Jinja FAQ

How do I solve the error showing the Unexpected char '&'?



When an email fails to render and gets stuck in the loading phase with an error, it means there is a blank space in the code where it is not expected. Jinja syntax is sensitive to such errors and fails to execute.

Additionally, if the error starts with Unexpected char ‘&’, check the error message to locate the part of the code where the character ‘&’ is contained. For example, in the above image, the blank space (indicated by “ ” or non-breaking space) is between the number 5 and the enclosing of the jinja expression brackets.


Once you have located the blank space, go back to the code in the editor and delete the blank space. Similarly, check and delete other blank spaces indicated in error and render the email once again.

How do I solve an error stating None has no attribute value?

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When an error occurs with a message similar to None/None type has no attribute/None has no attribute value, as displayed in the image above, it means that an empty object has been accessed. This can happen in a scenario where the code contains a variable that is expected to be added with an object (such as an item for a catalog based on its ID), but the code fails to do so.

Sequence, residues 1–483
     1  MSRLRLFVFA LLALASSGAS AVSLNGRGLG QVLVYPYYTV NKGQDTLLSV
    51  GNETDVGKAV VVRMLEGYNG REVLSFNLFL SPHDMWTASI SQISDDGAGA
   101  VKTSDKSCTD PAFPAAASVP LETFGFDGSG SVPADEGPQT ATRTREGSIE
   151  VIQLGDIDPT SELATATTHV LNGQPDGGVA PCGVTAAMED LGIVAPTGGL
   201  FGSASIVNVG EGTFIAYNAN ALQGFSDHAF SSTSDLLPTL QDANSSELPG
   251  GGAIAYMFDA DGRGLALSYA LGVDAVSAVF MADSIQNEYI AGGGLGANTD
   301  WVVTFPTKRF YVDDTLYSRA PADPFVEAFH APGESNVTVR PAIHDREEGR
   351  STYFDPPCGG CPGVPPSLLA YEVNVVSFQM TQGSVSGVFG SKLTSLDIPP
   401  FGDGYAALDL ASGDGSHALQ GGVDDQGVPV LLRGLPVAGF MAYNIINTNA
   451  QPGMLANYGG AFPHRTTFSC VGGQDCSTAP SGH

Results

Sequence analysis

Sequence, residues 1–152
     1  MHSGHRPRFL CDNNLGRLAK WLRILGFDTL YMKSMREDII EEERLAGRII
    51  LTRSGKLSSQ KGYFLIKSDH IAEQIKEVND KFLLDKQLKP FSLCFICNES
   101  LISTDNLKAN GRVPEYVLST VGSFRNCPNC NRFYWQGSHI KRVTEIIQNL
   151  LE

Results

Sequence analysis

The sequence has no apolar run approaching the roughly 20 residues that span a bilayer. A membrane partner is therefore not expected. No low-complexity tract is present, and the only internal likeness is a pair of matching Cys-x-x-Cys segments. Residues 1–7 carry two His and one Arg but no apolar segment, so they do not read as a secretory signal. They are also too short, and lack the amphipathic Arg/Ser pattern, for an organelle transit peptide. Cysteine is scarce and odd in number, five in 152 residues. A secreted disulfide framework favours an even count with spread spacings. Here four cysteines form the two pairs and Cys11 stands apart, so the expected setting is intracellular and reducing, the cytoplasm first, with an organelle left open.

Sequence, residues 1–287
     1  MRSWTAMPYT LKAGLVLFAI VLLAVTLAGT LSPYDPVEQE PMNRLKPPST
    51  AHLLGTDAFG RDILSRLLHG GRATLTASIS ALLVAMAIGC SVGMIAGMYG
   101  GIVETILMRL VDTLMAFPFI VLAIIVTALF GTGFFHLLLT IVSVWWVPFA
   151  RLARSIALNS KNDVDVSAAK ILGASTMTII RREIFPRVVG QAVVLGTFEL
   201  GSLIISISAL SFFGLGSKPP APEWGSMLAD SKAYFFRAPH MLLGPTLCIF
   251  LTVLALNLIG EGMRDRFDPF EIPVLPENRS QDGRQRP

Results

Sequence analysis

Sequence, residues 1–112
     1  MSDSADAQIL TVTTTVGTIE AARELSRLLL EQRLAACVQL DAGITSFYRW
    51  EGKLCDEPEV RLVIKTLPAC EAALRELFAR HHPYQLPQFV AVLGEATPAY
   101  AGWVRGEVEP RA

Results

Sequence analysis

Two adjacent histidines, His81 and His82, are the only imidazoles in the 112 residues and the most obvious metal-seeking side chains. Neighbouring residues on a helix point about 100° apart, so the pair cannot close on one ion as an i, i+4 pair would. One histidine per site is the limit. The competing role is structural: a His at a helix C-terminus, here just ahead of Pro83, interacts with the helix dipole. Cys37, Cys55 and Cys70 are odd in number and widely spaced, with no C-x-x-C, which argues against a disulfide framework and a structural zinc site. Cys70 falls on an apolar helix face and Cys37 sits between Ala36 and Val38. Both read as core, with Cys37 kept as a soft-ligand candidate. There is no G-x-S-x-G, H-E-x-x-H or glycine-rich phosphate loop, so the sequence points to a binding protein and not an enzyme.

For example, providing a non-existent item_id which causes the item_by_id function to fail to fetch any item from the catalog. When working with the same object later, rendering fails as the object does not exist.


When encountering such an error, it is recommended to add a condition that checks whether the object exists or not. This practice can avoid unnecessary rendering issues.

Conditions are added to the code in the above image (see the image below). This condition prevents incorrect access to the object in case it does not exist. The {% if item%} results in True if there is a value assigned to the variable. If the result is False, the execution of the code within is not executed if the code calls for the given object.

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